Commissioner Lim, who became The Salvation Army's General Secretary for Singapore and Malaysia in the mid-1970s, recalls "a constant stream of people coming to the house to ask for help, whether it was donations, counselling or wanting to put their children in our homes".

He remembers, in particular, "receiving a phone call one night from a man who was depressed. He turned out to be a comedian at the Cockpit Hotel and I spent the whole night counselling him".

The Lims left the house for a posting to Hong Kong in 1983 and are now retired. But one legacy of Salvation Army old-timers like them lingers on in the building. Two pointed arch windows in the main hall - similar to those found in churches and constructed during the time when the hall was used for worship services - have been retained, amid the traditional Chinese architecture.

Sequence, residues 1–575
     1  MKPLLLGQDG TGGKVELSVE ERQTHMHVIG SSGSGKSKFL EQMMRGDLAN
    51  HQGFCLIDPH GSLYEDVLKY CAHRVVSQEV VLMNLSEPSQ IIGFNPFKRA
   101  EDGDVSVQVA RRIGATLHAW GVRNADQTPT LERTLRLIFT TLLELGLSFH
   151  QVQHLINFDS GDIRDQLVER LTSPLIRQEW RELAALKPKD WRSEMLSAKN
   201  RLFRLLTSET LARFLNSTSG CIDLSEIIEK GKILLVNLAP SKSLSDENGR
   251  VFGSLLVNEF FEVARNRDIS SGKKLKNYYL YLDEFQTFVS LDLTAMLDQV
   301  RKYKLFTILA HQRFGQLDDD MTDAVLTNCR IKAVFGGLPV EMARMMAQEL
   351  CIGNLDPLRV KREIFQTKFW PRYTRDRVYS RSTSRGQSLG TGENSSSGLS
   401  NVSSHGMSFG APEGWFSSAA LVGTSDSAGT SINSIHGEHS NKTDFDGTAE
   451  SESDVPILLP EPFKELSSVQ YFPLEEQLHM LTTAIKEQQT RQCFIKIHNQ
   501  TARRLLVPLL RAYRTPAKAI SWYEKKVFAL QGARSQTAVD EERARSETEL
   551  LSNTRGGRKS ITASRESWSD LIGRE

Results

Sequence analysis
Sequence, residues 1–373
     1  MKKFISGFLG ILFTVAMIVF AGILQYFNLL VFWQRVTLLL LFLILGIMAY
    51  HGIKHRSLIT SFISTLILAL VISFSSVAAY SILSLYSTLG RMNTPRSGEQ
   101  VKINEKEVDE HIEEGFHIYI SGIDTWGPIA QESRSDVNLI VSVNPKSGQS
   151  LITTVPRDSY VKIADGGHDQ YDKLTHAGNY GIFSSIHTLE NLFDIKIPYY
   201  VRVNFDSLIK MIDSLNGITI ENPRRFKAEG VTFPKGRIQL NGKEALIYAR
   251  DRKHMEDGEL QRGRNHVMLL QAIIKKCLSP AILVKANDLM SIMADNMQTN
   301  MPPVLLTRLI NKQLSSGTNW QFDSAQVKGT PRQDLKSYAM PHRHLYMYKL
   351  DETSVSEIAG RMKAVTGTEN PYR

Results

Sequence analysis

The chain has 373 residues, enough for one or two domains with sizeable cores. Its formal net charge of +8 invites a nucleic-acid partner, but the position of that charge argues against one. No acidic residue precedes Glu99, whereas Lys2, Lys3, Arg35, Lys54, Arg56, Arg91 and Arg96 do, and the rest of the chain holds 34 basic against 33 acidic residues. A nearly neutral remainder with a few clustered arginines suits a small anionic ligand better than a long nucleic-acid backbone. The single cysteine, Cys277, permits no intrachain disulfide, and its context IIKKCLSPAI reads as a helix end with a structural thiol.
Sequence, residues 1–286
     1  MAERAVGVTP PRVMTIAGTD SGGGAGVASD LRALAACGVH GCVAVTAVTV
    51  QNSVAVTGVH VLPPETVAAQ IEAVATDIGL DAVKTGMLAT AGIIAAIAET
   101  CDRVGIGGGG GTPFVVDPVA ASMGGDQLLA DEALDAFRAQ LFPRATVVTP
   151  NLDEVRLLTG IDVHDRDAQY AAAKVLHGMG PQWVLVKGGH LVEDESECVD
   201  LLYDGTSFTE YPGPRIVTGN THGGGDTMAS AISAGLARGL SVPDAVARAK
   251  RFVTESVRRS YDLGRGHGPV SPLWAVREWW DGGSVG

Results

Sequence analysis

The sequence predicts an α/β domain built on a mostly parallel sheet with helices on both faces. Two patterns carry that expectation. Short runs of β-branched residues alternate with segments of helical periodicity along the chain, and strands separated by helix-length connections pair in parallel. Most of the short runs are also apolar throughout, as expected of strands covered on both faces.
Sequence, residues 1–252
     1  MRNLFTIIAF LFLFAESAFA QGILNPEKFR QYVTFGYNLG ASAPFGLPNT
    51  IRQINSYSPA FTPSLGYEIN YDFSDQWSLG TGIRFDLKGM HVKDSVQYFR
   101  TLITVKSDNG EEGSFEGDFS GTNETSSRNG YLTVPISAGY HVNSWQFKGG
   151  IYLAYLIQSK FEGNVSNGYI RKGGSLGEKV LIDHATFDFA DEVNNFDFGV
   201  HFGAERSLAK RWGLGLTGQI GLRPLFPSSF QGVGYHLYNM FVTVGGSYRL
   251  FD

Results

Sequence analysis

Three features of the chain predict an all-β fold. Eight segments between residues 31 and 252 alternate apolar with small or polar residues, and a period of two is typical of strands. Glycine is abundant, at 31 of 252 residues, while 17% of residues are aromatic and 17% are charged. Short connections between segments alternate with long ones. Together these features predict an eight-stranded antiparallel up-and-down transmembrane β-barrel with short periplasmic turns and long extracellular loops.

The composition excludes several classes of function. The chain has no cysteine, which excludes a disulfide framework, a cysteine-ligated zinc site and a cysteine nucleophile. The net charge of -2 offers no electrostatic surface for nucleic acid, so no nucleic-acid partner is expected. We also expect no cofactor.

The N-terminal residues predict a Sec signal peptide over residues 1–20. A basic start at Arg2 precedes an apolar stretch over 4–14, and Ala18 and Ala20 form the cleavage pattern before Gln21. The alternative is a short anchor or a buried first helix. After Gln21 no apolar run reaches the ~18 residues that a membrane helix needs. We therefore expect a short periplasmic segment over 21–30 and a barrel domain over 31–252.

Today, despite the frenzied Orchard Road traffic outside, Chicago Booth students say the house feels like a world unto itself, thanks to its inward-facing courtyard layout.

Ms Noeleen Goh, 33, a real estate professional who is pursuing an Executive Master of Business Administration degree at the school, says her favourite space is the open courtyard in front of the lecture hall. "After hours of lectures in the air-conditioned auditorium, it is fantastic to be able to come out here to hear birds chirping and enjoy the tropical warmth under the shady trees. It's an oasis in the middle of the city," she says.

Martin Koh | 86666 944 | R020968Z
Sherry Tang | 9844 4400 | R020241C
Senior Sales Director
DTZ Debenham Tie Leung (SEA) Pte Ltd (L3006301G)